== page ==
You don't have to be engaged or married to know that weddings are expensive. But what better way to cut corners on your budget than learning from other brides' experiences? Our friends at Bridal Guide have gathered some tips from their readers on how to save money planning your big day.
With weddings becoming more and more expensive — according to CostofWedding.com, U.S. couples spend an average of $26,444 on their big day, and that figure doesn't include the cost of a honeymoon — brides are constantly looking for ways to achieve their dream day for less.
Although weddings can be super pricey, there are always ways, big and small, to save a few dollars. We asked money-savvy brides to spill their best tips!
1. Marry during the off-season.
Venues and hotels usually lower their rates during the off-season (which is from November through April), so planning your wedding during this time could help you cut major costs, like it did for Melissa Phillips from New Milford, NJ, who's getting married on January 18th.
Plus, this gives you the opportunity to play up the colder weather and feature unique wedding details that wouldn't be possible during warmer months, like a hot chocolate bar complete with marshmallows and whipped cream!
2. Take advantage of the holidays.
If you marry during the holiday season, you could benefit from beautiful churches and venues that are pre-decorated with flowers, lights and holiday sparkle, keeping out-of-pocket décor costs down to a minimum.
"I always dreamt of getting married during Christmas, with the church ablaze with red poinsettias and my bridesmaids in red and green velvet dresses," says New York City bride Samuella Becker-Maltese.
To her surprise, her dream wedding cost much less than she had anticipated. "When I booked the ceremony, I discovered that there was no charge for the flowers, as they are paid for every year through donations by members and friends of the congregation who wish to honor a loved one," Becker-Maltese says.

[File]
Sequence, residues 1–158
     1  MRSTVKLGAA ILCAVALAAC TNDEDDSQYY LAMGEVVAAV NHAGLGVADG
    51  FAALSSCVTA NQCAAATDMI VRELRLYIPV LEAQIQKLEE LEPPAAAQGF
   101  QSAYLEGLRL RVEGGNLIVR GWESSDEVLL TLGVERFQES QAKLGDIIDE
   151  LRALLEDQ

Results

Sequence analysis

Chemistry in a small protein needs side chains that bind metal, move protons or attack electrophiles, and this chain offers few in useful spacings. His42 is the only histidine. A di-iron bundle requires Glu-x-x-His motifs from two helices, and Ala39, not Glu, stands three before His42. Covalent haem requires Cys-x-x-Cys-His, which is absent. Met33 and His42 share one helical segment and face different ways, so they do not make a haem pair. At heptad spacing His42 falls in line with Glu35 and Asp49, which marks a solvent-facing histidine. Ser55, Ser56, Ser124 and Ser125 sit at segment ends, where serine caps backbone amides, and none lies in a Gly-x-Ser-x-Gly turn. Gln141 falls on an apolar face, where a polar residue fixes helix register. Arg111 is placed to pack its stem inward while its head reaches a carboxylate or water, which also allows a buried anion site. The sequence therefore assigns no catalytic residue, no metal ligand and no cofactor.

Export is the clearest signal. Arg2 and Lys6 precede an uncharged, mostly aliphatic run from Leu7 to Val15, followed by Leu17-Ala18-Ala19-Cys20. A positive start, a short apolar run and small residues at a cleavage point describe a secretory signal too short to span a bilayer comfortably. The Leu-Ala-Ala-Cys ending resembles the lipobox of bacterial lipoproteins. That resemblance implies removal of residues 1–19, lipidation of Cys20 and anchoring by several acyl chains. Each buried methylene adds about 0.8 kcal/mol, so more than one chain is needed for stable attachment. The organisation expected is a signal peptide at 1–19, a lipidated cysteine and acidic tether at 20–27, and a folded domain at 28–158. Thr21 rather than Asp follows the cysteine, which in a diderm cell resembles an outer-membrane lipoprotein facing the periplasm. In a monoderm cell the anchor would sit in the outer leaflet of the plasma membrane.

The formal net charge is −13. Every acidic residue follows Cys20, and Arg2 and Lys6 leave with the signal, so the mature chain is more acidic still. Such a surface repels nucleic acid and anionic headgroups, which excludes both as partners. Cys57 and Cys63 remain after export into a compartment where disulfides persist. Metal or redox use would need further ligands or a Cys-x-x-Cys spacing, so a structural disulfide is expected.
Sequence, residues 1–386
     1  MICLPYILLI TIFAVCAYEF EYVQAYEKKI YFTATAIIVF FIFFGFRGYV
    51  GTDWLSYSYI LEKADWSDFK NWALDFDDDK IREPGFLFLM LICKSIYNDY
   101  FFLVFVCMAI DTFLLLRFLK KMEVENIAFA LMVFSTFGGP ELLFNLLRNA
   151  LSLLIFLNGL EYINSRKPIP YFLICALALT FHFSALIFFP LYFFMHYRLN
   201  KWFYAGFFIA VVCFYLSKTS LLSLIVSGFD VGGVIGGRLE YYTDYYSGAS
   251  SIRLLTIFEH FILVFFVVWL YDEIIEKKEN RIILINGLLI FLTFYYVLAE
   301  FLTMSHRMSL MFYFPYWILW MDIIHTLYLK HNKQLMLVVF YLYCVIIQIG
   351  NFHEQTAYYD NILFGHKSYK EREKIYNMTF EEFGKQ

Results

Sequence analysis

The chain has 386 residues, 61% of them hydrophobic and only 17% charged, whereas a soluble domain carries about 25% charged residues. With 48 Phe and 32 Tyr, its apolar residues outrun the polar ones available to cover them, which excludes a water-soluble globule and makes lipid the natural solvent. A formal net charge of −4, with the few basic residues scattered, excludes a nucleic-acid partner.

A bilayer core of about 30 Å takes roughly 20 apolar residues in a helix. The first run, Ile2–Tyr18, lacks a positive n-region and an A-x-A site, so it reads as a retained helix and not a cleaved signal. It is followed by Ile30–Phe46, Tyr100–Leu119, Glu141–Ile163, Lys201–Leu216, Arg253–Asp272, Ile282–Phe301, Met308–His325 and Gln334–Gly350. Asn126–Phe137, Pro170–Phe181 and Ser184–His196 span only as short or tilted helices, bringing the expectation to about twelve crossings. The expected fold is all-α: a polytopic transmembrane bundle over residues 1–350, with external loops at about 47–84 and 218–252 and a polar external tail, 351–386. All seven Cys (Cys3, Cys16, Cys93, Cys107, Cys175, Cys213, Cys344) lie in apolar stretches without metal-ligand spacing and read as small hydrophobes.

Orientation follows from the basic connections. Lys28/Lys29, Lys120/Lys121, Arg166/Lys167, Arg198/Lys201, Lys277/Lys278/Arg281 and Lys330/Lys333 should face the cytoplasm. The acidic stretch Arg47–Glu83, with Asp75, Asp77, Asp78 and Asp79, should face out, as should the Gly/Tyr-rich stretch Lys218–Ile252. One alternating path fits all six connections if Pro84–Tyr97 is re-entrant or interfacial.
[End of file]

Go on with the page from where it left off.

3. Host your wedding earlier in the day.
You can save up to 30 percent by having a Sunday brunch reception instead of an evening reception. Michigan bride Brittany Scherr and her husband decided to host their party in the afternoon: "We started our ceremony at 11 a.m. and had a full buffet at lunchtime for half the cost," she says.
And just because it's earlier in the day doesn't mean it can't be just as fun as an evening wedding! Scherr reveals that "We still had a DJ, a full bar, and dancing. We saved a ton of money by simply having our wedding earlier in the day."
4. Have your ceremony and reception at the same venue.
Holding your reception in the same location as your ceremony is an easy way to cut the cost of transportation and decorations.
My husband and I saved money during our July wedding by having the ceremony and reception at the same site," says Nicole Nelson from Milwaukee, WI. "We had no travel costs. We saved a ton of money by utilizing the outdoor decorations, indoors."
5. Host your ceremony and/or reception at a non-traditional location.
"We skipped paying the crazy banquet hall prices and decided to hold our ceremony in Central Park in New York City," says LeslieAnn Dunn from Throgsneck, NY. "It was free, minus a $25 fee we had to pay to make sure no one came jogging through during our ceremony."
6. Pay for your dress in full.
Ask your bridal salon if they offer any discounts for paying the full price of your gown upfront, like bride Lisa Padley from Easthampton, NY did.
"I asked and got another 5 percent off. Although it doesn't sound like a lot, it all helps towards paying for other parts of your wedding day outfit," she says.
7. Consider buying your dress off the rack.
Our wedding gown is arguably one of the most important outfits you'll ever wear, but with dresses costing up to thousands of dollars, it can be frustrating trying to find the perfect style that's within your budget.
Jennifer Ostdiek, a bride-to-be from California, says her solution was to buy a dress off the rack. "I purchased my gown at half off the regular price and it was exactly what I wanted," she says.
Before purchasing an off-the-rack gown, be sure to check for stains, rips, or loose beadwork. Also, keep in mind that it's much easier for seamstresses to let a dress in rather than letting it out, so don't be afraid to purchase the next size up.
8. DIY whenever possible.
More brides are taking on bigger DIY projects to cut costs, especially when it comes to invitations and decorations. "I even made the ribbon wands and bows for the aisles myself," says Phillips.